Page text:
Ammon News, Panorama

Space Force launches its 1st mission with coronavirus precautions


[3/27/2020 2:40:47 PM]

AMMONNEWS - The newly established US Space Force launched its first national security satellite on Thursday with a leaner staff because of the coronavirus pandemic. “Nothing stops the space launch mission!” the 45th Space Wing tweeted from Cape Canaveral. The approximately $1 billion satellite is the sixth and final one in the US military's Advanced Extremely High Frequency series. Upgraded from the older Milstar satellites, the constellation has provided secure communication from 22,000 miles (35,400 kilometers) up for nearly a decade. A powerful Atlas V rocket hoisted the 13,600-pound (6,168 kilogram) satellite. The new Space Force seal adorned the United Launch Alliance rocket. The Space Force officially became a new branch of the US military in December. With the viewing area closed because of the coronavirus outbreak, fewer people than usual watched the liftoff from Cape Canaveral Air Force Station. United Launch Alliance chief executive Tory Bruno said non-essential personnel were banned from the launch control room to reduce the size of the crowd. “Can’t quite get 6 ft everywhere. Surfaces will be cleaned between people, etc.,” tweeted Bruno, who monitored the launch from company headquarters in Denver. He normally travels to the launch site. Another pandemic effect: Cape Canaveral Air Force Station’s planned name change to Cape Canaveral Space Force Station is on hold. *AP

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Coronavirus: Italian nurses, doctors share images of bruises from hours spent in ICUs


[3/27/2020 2:38:25 PM]

AMMONNEWS - Italian nurses and doctors shared pictures of themselves on social media with bruises on their face after spending hours in the intensive care units of hospitals treating coronavirus patients. Italy has reported 74,386 cases of coronavirus. The country overtook China with the most virus-related deaths, registering 7,503 deaths. The images were circulated on Twitter and other platforms, with hundreds of users calling the health aid workers “heroes” The number of coronavirus cases in Europe surpassed 250,000 on Thursday, according to an AFP tally. Hospitals in Italy have reportedly been overwhelmed with an unprecedented number of patients. A nation-wide lockdown was imposed in Italy, and all shops, restaurants, and bars were shut down. *Al Arabiya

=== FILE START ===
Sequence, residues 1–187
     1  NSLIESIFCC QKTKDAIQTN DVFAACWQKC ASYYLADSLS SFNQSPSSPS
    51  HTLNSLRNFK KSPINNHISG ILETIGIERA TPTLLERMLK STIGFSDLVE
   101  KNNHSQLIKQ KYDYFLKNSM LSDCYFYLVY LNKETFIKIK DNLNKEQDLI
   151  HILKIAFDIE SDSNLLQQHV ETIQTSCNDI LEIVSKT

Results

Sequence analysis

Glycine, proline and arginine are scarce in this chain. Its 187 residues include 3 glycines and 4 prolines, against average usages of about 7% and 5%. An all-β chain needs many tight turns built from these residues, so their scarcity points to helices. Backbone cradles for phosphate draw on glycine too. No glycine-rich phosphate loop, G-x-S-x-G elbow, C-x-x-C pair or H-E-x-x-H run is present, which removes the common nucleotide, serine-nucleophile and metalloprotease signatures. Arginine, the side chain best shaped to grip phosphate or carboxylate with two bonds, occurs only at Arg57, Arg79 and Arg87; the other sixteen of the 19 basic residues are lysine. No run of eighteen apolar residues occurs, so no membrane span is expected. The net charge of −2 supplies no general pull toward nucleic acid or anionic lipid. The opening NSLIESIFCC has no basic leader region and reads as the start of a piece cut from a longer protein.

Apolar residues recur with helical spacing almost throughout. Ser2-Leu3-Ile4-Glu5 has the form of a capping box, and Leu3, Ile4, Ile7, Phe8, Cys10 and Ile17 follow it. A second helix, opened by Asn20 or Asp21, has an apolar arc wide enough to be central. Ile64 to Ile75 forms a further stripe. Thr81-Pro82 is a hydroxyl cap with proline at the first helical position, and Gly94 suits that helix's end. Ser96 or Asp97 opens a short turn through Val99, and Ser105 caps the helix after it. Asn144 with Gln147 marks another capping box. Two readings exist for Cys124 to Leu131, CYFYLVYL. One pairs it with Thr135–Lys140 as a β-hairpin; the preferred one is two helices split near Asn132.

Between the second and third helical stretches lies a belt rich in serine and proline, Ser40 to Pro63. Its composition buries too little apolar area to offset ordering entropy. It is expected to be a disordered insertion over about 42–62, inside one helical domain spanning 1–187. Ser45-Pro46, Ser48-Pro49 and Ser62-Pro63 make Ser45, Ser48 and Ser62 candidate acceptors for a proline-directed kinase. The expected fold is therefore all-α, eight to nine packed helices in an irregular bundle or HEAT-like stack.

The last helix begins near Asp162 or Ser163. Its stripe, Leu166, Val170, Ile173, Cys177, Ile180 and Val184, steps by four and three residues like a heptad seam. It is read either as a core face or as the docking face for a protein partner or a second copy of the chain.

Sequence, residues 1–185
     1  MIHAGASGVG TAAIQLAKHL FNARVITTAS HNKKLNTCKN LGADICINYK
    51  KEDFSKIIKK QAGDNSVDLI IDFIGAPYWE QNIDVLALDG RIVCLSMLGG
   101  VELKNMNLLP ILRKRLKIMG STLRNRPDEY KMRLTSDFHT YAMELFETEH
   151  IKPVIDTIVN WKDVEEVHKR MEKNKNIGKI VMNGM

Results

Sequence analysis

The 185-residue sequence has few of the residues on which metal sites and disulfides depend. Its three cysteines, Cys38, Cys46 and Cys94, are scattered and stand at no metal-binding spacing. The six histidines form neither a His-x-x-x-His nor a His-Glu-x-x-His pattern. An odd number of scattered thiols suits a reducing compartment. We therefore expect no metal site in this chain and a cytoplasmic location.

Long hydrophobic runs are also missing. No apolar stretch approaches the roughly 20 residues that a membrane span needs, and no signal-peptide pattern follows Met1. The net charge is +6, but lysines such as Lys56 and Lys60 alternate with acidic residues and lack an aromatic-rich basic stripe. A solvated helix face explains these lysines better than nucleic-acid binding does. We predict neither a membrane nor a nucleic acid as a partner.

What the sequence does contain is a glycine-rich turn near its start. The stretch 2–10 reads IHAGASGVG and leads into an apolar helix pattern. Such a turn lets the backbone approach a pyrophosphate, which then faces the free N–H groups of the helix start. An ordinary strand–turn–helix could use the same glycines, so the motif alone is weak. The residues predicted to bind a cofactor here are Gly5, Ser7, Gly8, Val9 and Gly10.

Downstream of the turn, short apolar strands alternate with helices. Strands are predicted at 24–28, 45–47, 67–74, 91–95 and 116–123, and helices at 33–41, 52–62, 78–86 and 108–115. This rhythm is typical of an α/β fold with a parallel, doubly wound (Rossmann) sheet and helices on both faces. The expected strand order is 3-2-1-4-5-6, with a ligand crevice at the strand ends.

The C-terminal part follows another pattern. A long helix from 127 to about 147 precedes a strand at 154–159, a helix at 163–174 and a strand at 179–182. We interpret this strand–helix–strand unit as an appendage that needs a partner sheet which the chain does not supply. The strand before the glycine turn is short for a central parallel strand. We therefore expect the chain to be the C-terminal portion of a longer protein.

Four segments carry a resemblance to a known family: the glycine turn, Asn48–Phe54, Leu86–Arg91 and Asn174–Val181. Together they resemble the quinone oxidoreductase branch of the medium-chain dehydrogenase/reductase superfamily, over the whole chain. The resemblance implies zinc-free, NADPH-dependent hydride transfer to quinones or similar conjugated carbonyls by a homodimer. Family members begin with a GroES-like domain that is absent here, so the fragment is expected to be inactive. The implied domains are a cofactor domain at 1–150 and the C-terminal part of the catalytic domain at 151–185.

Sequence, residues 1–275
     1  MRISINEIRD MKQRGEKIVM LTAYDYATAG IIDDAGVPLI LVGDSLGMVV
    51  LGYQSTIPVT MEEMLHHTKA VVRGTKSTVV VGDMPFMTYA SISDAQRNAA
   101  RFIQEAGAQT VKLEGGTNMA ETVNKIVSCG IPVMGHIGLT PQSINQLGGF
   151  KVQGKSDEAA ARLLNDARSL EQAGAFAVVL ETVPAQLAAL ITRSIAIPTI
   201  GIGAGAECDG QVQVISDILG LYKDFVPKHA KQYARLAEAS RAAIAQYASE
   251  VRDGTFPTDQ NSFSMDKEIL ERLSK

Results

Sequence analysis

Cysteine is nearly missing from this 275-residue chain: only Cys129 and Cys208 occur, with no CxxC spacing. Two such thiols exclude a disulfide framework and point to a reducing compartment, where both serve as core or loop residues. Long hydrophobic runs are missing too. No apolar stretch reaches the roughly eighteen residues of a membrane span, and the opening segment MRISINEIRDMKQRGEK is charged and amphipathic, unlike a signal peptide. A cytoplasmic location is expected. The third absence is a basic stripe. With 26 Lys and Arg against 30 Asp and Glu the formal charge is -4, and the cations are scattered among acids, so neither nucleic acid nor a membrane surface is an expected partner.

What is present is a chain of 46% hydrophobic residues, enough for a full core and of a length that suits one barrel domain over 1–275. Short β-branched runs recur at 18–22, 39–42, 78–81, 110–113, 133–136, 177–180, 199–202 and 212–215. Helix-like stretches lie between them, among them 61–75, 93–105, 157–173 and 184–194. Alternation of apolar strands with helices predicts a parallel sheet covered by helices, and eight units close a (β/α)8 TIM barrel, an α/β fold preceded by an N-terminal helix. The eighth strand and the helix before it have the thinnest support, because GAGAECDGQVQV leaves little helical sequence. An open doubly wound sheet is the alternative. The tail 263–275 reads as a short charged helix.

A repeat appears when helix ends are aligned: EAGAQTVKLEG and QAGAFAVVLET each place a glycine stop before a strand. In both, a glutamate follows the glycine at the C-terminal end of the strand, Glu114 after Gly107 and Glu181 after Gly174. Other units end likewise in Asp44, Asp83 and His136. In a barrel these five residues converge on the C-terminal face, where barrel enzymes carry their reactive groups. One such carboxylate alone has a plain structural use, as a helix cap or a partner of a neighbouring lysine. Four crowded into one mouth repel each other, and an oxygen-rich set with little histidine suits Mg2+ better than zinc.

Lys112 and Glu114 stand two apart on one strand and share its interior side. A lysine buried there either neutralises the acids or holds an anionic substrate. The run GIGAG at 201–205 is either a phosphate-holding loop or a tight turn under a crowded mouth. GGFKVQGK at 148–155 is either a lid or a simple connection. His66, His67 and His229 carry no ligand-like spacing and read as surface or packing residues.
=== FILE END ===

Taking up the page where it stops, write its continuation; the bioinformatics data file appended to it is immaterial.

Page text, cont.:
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New US Navy aircraft carrier toilet flaw costs $400,000 a flush


[3/25/2020 2:02:24 PM]

AMMONNEWS - New toilets on the Navy’s two newest aircraft carriers clog so frequently that the ships’ sewage systems must be cleaned periodically with specialized acids costing about $400,000 a flush, according to a new congressional audit outlining $130 billion in underestimated long-term maintenance costs. The Navy isn’t sure the toilet systems on the USS Gerald R. Ford and the USS George H. W. Bush can withstand the demand without failing frequently, according to the watchdog agency’s report on service sustainment costs released Tuesday. The new toilet, similar to what’s used on commercial aircraft, is experiencing “unexpected and frequent clogging” of the system so the “unplanned maintenance action” will be needed “for the entire service life of the ship,” the GAO said in the report requested by the Senate Armed Services Committee. Although the costly toilets are illustrative of the problem, “we generally did not include these types of ongoing costs in our calculation” of the Navy’s looming sustainment bill, according to the report. The report comes amid a debate in Congress, the Pentagon and the White House over expanding the current 293-ship Navy to 355 by the mid-2030, a Trump administration goal. Navy cost estimators stated that as much as $26 billion of the $130 billion estimated increase in costs “could be accounted for by process changes that resulted in including more indirect costs, such as health and child care for sailors.” Overall, the Ford’s estimated lifetime operations and sustainment costs have grown to $123 billion from $77.3 billion, the most of six programs GAO evaluated. “The Carrier toilet system is indicative of the kinds of issues we highlight in our report that are requiring more money, time, and effort to fix than originally anticipated due to a lack of adequate sustainment planning during the acquisition process,” said Shelby Oakley, a GAO director who manages the agency’s ship acquisition reviews “The pipes are too narrow and when there are a bunch of sailors flushing the toilet at the same time, like in the morning, the suction doesn’t work,” said Oakley. “The Navy didn’t anticipate this problem.” *Bloomberg

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Bill Gates predicted a coronavirus-like pandemic five years ago: ‘We’re not ready’


[3/25/2020 2:00:38 PM]